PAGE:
Inclusive Innovation, eco-innovation and so on… #isaforum2016

The finish line was in sight. The fifth and final day of the International Sociological Association Forum climaxed with a very good party. But before that, there were four sessions and a closing plenary.

The first session I went to was on “Inclusive Innovation for Inclusive Growth”. Before I say anything about that, this; you can slap any happy adjective you like in front of it – smart, intelligent, green, inclusive – but growth is still growth and as a whole, the planet can’t take it anymore. What was needed (but didn’t happen, because we are simply not that smart (or intelligent, green and inclusive) was a de-growth in the overdeveloped world to allow for a growth in the quality of life for the burgeoning Majority World populations (and pro-tip – when women can control their own fertility, they choose to have fewer children). There was perhaps enough for everyone’s need, certainly not for everyone’s greed. I write of this in the past tense, because it is too late, imho. It’s all over bar the shouting… screaming, starving, dying. Oh well.

Right, now that I have that off my chest, the session: it started out with a chap (Felipe Lara-Rosana, Centro de Ciencias de la Complejidad, Universidad Nacional utonoma de Mexico) talking about various projects in Chiapas and the challenge of doing things with rather than for or “at” people. There seemed to be a tension, imho, with the very phrase of “designing and implementing a social adaptation complex system”. Seems a bit cockpit-y to me. I stuck my hand up to ask the standard “what if the lovely design processes you ‘curate’ get captured by the rich and powerful and used to prop up and in fact further justify their privilege within the status quo?” Sadly, though, there wasn’t time to let me ask that.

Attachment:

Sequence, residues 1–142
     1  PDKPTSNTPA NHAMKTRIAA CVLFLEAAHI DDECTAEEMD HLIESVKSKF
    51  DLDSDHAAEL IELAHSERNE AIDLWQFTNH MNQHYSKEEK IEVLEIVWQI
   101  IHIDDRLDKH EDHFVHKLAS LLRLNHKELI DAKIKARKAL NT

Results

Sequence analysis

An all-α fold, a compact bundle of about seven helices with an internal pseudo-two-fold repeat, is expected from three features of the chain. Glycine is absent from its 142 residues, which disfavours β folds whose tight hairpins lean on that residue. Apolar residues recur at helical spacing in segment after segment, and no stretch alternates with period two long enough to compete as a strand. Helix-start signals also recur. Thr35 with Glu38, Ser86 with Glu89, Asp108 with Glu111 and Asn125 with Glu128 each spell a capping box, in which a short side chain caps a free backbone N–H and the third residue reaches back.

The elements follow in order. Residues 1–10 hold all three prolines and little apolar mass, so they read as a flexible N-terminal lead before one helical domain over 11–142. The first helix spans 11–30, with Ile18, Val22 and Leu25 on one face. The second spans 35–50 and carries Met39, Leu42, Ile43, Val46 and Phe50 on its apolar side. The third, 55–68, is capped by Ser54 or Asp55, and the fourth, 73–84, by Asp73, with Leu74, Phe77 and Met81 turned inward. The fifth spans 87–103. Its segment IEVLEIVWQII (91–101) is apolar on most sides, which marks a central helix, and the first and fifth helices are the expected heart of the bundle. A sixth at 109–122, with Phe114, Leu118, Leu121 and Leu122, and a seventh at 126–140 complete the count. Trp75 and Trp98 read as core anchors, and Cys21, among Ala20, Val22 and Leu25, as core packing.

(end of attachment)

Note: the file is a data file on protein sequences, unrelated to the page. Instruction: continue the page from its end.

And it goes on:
Next up was Eva Buchinger (Austrian Institute of Technology on “Inclusive Innovation” not as a normative goal but as a ‘fruitful heuristic’ to deal with complexity in policy design. She quoted Luhmann (1997) on inclusion “means rather the societal system provides for people and assigns them to a position win the framework”. Thus spaces of exclusion are above all to be recognised by the interruption of reciprocity expectations. She spoke of different kinds of inclusion (professional, exit/voice inclusion” and pointed to the newly (in historical terms) assertive poor, disabled etc.

Third up, CzeslawMesjasz (Cracow University of Economics) on the subject of information overload, at pains to announce three assumptions at the outset- there is increased complexity in social systems, there are paradoxes of complexity in relation to social systems, and social science is difficult science. He thinks we have arrived at the limits (of usefulness to understand social systems) of both narratives and mathematics.) He’d identified 45 (!) definitions of complexity and threw out the great line “human systems as complexities of expectations” and threw out references to Jared Diamond’s Collapse and Joseph Tainter’s 1988 “The collapse of complex societies”.

There was some bleak commentary on what gets called by other people “cognitive limitations” and “bounded rationality” of policy makers etc

The second session I went to was on “Theoretical Contours of Global Social Change”. After a very empirical account of Chilean intellectual history (it got bumpy and bloody between 1973 and 1990, as you’d expect) and a piece on “global fields and global social structures” there was an interesting piece on the “Search for an Adequate denomination of the current social world: theoretical considerations for providing conceptual labels to current societies” by Kresimir Zazar (University of Zagreb). I liked the “labels, like rumours, can take on a life of their own” quote (from Kumar, 2005, p.29, and the point that since the 1960s and 70s there has been a proliferation of “post” era presumptions (a Post-syndrome in social sciences, according to Streckeisen, 2009, p. 183) . He gave a wonderful list of the different “kinds” of society we are supposed to be living in – programmed, technocratic, technetronic, super-industrial, hi-tech, postmodern, risk, knowledge, information, network, learning.. These is metonymy going on here, and diagnostic challenges up tha wazoo.

He closed out with advocacy for a neologism of his own – creafit, which aims to tie creativity and profit. I stuck my hand up in the Q and A and warned him about Lucy Kellaway’s (satirical) Creovative and suggested the Borges short story about the Empire so determined to make a super accurate map that it was a one-to-one. Mistaking the map for the territory indeed!

From the next talk I got the intriguing observation that mobile phones are changing social relations in Indian villages, because women who marry out of the village are no longer isolated from their own parents, and talk to them everyday. That’s potentially a game-changer for some relationships, I would have thought. We will see.